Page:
Through the Looking Glass Children's Book Reviews

Half a Chance

Half a Chance

Cynthia Lord
Fiction
For ages 9 to 12
Scholastic Press, 2016   ISBN: 978-0545035347

Twelve year old Lucy has moved three times in her life so far. Her father is a famous photographer and he finds it hard to settle in a place for long. Though he travels a lot for work when he is on assignments, he still gets restless after a while, and then Lucy and her mother have to move and start over in a new place.

This time they have moved to a small town in New Hampshire. Lucy’s dad is going to Arizona for two months on assignment the day after they arrive, which is hard on Lucy and she cannot help feeling that he needs his work life more than he needs his family.

One thing Lucy likes about her new home is that it is next to a beautiful lake, and she also likes the neighbors. The day they arrive Nate and his big sister Emily make her feel welcome and invite her over to hang out.

The next day Nate’s grandma Lilah invites Lucy to go out in one of their kayaks on a Loon Patrol. Soon Lucy finds herself in a kayak – which is a new experience for her – and she, Nate, and Emily are paddling their way across the lake to check on the loons to see how the birds are doing. They are hoping that the loons will raise two chicks this year. Lilah has been part of a loon conservation effort for years, and has watched generations of loons raise their chicks on the lake.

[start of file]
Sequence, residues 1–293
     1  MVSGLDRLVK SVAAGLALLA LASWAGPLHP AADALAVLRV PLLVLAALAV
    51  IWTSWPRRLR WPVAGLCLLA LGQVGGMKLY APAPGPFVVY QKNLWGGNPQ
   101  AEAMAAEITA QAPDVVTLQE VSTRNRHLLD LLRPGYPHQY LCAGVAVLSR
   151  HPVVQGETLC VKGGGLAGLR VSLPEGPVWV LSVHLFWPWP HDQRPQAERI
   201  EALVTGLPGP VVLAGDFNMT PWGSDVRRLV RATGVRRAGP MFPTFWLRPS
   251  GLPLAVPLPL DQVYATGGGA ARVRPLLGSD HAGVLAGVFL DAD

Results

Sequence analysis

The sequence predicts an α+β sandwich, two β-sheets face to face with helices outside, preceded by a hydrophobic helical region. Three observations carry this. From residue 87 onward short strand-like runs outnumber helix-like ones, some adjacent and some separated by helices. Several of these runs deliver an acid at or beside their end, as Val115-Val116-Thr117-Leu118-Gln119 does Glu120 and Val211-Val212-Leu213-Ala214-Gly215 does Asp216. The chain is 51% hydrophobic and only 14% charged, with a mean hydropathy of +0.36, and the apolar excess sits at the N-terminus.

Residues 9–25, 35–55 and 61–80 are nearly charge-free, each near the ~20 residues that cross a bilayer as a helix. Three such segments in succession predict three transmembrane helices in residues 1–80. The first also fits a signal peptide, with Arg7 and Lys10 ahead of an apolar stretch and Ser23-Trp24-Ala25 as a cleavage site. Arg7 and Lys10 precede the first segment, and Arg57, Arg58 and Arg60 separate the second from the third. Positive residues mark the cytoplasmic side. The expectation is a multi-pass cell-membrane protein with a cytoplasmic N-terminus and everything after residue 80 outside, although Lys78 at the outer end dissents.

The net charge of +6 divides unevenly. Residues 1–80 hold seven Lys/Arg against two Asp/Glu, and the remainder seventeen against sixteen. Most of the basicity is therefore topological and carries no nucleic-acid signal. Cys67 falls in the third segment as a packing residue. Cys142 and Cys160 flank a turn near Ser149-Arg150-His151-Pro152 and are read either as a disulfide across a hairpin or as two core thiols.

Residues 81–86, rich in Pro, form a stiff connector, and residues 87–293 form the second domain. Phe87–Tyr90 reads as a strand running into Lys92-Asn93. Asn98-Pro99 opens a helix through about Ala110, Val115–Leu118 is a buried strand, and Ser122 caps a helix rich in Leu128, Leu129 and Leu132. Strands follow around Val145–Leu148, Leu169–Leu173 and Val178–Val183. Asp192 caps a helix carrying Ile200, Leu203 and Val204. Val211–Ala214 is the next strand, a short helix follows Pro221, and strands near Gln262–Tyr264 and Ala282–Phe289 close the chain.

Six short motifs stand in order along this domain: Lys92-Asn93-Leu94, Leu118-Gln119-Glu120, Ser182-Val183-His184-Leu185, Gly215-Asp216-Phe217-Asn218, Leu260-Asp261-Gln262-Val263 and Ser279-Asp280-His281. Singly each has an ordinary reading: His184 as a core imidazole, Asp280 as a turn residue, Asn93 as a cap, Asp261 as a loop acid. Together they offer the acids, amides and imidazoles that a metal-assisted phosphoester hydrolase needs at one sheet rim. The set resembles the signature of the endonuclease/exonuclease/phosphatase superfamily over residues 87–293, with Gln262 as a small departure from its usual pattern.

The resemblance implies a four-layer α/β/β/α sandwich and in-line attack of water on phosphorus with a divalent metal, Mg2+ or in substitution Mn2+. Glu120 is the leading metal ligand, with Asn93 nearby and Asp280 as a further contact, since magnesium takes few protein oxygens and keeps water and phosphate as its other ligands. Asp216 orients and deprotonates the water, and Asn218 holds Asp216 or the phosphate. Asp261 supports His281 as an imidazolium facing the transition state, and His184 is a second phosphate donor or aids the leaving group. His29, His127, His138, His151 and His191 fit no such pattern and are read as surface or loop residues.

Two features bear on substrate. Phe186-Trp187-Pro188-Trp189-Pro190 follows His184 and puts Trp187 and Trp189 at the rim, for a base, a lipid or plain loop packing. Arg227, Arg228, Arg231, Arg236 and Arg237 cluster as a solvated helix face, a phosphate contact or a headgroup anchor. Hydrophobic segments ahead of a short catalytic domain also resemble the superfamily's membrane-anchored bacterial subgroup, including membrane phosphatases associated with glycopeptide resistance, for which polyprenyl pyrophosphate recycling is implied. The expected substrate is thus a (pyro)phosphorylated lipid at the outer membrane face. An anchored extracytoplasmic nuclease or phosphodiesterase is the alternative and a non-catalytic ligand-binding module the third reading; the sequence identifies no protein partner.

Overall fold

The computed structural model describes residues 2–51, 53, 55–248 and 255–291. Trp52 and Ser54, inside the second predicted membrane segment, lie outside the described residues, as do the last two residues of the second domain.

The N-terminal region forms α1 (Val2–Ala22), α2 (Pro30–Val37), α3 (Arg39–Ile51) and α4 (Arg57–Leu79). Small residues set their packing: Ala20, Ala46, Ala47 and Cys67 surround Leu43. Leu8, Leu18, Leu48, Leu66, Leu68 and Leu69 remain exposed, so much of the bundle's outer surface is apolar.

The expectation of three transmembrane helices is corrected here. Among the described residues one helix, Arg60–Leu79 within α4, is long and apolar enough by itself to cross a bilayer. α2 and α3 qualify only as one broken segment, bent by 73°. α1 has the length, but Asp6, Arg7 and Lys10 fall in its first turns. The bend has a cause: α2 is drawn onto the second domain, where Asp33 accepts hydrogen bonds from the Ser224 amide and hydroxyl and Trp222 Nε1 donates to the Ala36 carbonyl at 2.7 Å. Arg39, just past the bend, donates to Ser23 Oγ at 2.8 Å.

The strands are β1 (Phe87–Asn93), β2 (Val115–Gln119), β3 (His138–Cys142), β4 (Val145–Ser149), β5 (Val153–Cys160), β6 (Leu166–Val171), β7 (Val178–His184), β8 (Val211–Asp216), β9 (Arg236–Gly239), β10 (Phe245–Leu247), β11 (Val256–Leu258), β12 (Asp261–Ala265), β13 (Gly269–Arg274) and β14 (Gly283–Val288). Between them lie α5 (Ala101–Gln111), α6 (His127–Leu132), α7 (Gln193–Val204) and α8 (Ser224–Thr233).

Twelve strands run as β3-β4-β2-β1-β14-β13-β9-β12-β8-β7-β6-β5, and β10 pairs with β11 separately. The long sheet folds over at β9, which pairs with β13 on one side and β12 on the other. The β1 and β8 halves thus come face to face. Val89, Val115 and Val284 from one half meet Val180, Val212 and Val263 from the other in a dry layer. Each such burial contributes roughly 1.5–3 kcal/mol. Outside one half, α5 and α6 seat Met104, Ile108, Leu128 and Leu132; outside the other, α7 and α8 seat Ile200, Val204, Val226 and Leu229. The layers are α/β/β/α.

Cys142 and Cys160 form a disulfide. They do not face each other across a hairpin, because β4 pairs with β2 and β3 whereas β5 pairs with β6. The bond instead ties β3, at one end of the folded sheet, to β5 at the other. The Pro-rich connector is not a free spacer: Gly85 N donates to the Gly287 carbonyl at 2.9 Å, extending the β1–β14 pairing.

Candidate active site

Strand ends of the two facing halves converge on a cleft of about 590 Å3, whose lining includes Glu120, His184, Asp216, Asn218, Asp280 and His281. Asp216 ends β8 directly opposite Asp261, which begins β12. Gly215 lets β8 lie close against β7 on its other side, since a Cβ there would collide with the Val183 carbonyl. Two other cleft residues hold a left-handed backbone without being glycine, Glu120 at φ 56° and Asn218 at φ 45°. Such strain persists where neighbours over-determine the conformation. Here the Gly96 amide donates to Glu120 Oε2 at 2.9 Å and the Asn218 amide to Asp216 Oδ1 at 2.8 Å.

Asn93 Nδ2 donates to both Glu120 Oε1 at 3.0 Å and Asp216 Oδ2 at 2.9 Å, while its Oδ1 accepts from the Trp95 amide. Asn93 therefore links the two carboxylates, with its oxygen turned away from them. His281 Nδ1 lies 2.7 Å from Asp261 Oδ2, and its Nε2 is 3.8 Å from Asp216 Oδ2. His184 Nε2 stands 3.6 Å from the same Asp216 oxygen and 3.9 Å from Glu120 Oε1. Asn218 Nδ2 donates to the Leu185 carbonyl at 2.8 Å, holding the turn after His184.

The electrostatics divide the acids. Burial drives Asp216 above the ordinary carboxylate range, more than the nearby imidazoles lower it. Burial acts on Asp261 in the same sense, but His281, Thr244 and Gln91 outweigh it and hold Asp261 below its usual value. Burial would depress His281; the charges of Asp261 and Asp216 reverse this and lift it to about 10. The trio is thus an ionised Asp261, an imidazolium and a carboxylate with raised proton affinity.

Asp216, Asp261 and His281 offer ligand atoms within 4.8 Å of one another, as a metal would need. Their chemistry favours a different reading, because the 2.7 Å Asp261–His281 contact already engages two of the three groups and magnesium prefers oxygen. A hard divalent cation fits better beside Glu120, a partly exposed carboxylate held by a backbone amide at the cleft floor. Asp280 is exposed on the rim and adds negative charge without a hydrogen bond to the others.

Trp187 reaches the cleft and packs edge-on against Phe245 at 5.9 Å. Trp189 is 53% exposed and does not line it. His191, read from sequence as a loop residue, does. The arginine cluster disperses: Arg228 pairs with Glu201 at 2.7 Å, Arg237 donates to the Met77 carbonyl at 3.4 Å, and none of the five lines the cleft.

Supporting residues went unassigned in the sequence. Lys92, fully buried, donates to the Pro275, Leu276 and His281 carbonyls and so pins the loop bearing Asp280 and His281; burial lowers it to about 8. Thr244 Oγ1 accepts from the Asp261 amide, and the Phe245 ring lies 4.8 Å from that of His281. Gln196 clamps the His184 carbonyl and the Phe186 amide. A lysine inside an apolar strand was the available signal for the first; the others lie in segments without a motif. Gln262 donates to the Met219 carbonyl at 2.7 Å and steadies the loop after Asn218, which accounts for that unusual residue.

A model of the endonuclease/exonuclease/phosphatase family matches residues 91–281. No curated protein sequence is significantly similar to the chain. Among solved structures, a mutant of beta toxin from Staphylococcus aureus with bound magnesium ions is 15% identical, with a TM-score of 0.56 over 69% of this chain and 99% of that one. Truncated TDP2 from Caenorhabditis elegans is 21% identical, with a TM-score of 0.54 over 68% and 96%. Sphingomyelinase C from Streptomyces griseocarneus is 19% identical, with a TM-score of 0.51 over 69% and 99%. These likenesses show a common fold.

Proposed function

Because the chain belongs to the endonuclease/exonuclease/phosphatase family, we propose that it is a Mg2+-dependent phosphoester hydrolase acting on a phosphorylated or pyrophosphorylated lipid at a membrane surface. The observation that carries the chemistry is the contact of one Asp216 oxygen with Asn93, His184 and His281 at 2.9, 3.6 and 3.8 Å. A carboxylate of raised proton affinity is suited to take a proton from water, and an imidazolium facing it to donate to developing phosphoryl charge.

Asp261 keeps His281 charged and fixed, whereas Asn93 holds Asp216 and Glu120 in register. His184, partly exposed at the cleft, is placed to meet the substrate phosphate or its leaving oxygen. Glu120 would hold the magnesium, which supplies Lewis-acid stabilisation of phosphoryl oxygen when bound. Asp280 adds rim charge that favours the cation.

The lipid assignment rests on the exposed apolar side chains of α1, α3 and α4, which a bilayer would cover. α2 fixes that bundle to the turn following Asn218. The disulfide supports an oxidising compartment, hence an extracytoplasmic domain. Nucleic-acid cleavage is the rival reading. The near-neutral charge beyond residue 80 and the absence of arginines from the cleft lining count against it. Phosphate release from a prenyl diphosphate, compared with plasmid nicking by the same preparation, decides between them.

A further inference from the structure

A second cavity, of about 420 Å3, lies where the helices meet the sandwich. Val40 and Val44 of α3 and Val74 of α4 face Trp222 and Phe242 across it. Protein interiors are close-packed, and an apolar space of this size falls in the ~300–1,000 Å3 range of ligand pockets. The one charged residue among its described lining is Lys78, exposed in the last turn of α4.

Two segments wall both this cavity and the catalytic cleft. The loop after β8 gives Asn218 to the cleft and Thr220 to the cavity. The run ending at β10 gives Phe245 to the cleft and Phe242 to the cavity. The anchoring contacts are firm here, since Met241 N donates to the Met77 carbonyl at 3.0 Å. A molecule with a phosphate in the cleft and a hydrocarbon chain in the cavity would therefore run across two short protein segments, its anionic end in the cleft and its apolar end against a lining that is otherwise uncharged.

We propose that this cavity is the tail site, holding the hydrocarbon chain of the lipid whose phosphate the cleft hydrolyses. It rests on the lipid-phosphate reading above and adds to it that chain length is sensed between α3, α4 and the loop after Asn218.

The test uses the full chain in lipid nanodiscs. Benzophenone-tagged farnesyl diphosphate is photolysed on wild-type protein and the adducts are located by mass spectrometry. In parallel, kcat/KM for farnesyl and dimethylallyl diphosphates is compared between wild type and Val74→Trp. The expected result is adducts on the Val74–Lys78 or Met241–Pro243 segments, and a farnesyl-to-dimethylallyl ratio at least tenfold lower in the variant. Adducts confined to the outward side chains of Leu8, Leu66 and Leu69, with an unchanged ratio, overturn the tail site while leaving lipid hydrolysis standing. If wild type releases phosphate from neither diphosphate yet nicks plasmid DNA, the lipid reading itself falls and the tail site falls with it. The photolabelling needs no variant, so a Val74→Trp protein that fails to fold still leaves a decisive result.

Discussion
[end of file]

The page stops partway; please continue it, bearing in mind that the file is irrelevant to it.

Before Lucy’s father leaves he tells her about a photography contest for kids that he will be judging, and Lucy is shocked that he did not tell her about the contest before. Perhaps he does not think that she is good enough to be in the contest, or perhaps he does not even want her to participate. Though there is a chance that she won’t be allowed to enter because she is the judge’s daughter, Lucy starts taking photos that she feels suit the prompts in the contest flyer. Nate gets involved as well, coming up with good ideas for possible shots.

Without meaning to, Lucy starts to invest in her photos emotionally, and she dares to hope that maybe she could win the contest. The prize for the best collection of photos is five hundred dollars, which she could use to help out Lilah. Lilah is too frail now to go out in the kayak to check on the loons and she really misses being out on the water. She misses doing her part to protect the birds that she loves so much. Maybe Lucy could use the contest money to help Lilah see her beloved loons.

Lucy captures all kinds of beautiful moments as she snaps away. And she also starts to see more than she perhaps wants to see. She notices that something is amiss with Lilah, and after talking to her mother about her observations Lucy learns that it is possible that Lilah is suffering from dementia. Worst still, the kind and delightful old lady knows that something is badly wrong, and her family members are worried about her.

In this evocative and emotional novel we meet a girl who is struggling to come to terms with her father’s passion for his work, and his seeming inability to live with his family in their home on a full-time basis. At the same time she sees another family struggle with a crises that is heartbreaking and painful, and there is so little that she can do to help. We cannot help but feel connected to both Lucy and Nate, and cannot help hoping that they will be able to weather the trials that lie ahead of them.

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